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Jan 12, 2023

Five disclosure trends to watch for this proxy season

Corporate Secretary speaks to experts about their experiences with proposals and disclosure requirements

With the 2023 proxy season approaching, governance professionals this week shared insights on emerging disclosure trends amid regulatory and investor pressures. Here are five developments discussed during the Corporate Secretary webinar.

  1. Human capital management

‘With changes in [SEC] rules either proposed or implemented, you're seeing beefed-up human capital disclosure,’ said Micheal Dobbs, senior vice president and general counsel of Texas Pacific Land Corporation. ‘Different companies have different levels of human capital risk associated with them. Companies that haven't been looking ahead and tracking those human capital-related risks could have a much more difficult time [getting onboard] with the changes. It's a lot of data, a lot of information and a lot of different business areas.’

  1. Climate change

Ensuring companies are disclosing projects related to climate change in a timely manner will be important to note this year, said Andrea Reed, partner with Sidley Austin. Companies need to make sure they are ‘adequately disclosing compliance costs with the materials in the company and the physical risks of climate change,’ she advised.

  1. ESG skills

‘Many companies are issuing corporate responsibility reports on websites for the first time,’ Reed noted. ‘You might see more pressure on boards to illustrate their strengths and skills related to environmental and social matters. We're also going to see enhanced disclosure of risk oversight, which has also been a focus of SEC comment letters… and oversight… of cyber-security, which has been a trend in recent years.’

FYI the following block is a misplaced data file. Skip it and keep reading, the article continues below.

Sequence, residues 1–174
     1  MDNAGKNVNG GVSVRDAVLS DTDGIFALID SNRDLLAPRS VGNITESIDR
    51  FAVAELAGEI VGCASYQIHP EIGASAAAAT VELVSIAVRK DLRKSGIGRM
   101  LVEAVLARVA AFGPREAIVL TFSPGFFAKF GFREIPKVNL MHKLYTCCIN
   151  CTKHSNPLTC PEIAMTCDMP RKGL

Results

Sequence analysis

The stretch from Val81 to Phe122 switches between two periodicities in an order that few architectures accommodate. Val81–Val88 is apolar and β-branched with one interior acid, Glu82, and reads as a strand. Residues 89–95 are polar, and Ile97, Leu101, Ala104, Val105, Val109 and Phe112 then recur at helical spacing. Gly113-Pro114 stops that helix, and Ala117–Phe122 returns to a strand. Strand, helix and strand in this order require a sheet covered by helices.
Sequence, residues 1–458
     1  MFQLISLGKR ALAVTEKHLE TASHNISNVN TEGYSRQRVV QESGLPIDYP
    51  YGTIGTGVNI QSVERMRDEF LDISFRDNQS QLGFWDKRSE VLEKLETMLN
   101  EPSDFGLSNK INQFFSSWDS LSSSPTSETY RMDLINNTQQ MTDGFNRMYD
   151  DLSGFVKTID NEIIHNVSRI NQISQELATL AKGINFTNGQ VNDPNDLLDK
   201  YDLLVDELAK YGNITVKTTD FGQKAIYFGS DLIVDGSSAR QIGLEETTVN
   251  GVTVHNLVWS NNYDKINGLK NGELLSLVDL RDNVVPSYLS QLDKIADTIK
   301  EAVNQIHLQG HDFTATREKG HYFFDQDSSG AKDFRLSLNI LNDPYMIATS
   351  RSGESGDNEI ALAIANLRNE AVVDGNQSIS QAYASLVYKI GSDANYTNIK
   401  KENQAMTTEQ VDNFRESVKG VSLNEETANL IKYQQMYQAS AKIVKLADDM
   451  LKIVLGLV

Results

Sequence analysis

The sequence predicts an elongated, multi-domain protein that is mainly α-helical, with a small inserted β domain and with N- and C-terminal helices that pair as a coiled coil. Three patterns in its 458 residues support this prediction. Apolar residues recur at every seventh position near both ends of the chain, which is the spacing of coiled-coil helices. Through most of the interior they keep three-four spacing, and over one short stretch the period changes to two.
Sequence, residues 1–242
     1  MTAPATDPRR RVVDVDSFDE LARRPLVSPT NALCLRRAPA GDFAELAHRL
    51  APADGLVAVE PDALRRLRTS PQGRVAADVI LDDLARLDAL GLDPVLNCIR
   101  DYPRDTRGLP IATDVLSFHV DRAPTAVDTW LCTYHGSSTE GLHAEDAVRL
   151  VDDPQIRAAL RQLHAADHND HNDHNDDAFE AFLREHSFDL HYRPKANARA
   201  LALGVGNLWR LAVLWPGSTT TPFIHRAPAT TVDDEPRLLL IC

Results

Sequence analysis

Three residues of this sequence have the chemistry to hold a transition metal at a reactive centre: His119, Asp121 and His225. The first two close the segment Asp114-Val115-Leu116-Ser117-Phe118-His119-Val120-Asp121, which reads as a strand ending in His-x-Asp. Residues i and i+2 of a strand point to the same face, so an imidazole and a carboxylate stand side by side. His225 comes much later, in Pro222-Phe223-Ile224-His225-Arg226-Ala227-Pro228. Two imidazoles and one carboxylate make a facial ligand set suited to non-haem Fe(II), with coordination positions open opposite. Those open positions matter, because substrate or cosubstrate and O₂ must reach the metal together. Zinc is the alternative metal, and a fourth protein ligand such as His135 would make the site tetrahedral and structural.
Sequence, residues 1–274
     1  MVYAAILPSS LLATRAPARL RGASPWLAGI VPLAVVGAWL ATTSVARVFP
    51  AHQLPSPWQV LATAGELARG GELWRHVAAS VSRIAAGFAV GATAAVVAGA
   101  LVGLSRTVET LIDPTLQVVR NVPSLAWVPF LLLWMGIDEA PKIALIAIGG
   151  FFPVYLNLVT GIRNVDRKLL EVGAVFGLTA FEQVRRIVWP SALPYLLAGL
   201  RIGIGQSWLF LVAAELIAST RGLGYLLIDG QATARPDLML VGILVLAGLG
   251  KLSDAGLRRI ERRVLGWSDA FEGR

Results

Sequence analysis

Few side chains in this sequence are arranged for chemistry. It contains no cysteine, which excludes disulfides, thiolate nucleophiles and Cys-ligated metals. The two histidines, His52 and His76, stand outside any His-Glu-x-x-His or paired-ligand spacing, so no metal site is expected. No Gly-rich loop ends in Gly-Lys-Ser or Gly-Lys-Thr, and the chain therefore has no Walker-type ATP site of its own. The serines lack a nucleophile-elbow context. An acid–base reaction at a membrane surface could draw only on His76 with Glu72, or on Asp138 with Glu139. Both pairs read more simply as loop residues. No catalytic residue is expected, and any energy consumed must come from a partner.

1. Cyber-security

‘The SEC wants disclosures about who's responsible inside the company for dealing with [cyber-security] at the board level,’ said Neil McCarthy, senior director of sales enablement and business development at Morrow Sodali.

‘What's happening now is a lot of companies are being clear about what part of the board process oversees cyber-security risk. For most companies, they're using the audit committee. In response to having to designate an expert, what a lot of companies are doing is they're using their board skills matrix to identify which people on the board know about cyber-security.’

  1. Board skills matrix

‘I think that we're going to see even more board matrixes this year, as well as enhancement of board bios,’ Reed said. ‘Given the advent of [the] universal proxy and more pressure on boards to illustrate their strengths and show investors a clearer picture, I think we'll see more extended disclosure about how those pressures are managed at a board and committee level.’

Click here to watch the Corporate Secretary Webinar - Insight from early filers on trending disclosure issues and 14a-8 shareholder proposals